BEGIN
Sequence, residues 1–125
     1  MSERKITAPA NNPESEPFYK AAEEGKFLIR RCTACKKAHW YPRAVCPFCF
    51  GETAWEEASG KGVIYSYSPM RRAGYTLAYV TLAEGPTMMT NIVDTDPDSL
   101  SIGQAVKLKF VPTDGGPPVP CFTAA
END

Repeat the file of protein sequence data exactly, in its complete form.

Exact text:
Sequence, residues 1–125
     1  MSERKITAPA NNPESEPFYK AAEEGKFLIR RCTACKKAHW YPRAVCPFCF
    51  GETAWEEASG KGVIYSYSPM RRAGYTLAYV TLAEGPTMMT NIVDTDPDSL
   101  SIGQAVKLKF VPTDGGPPVP CFTAA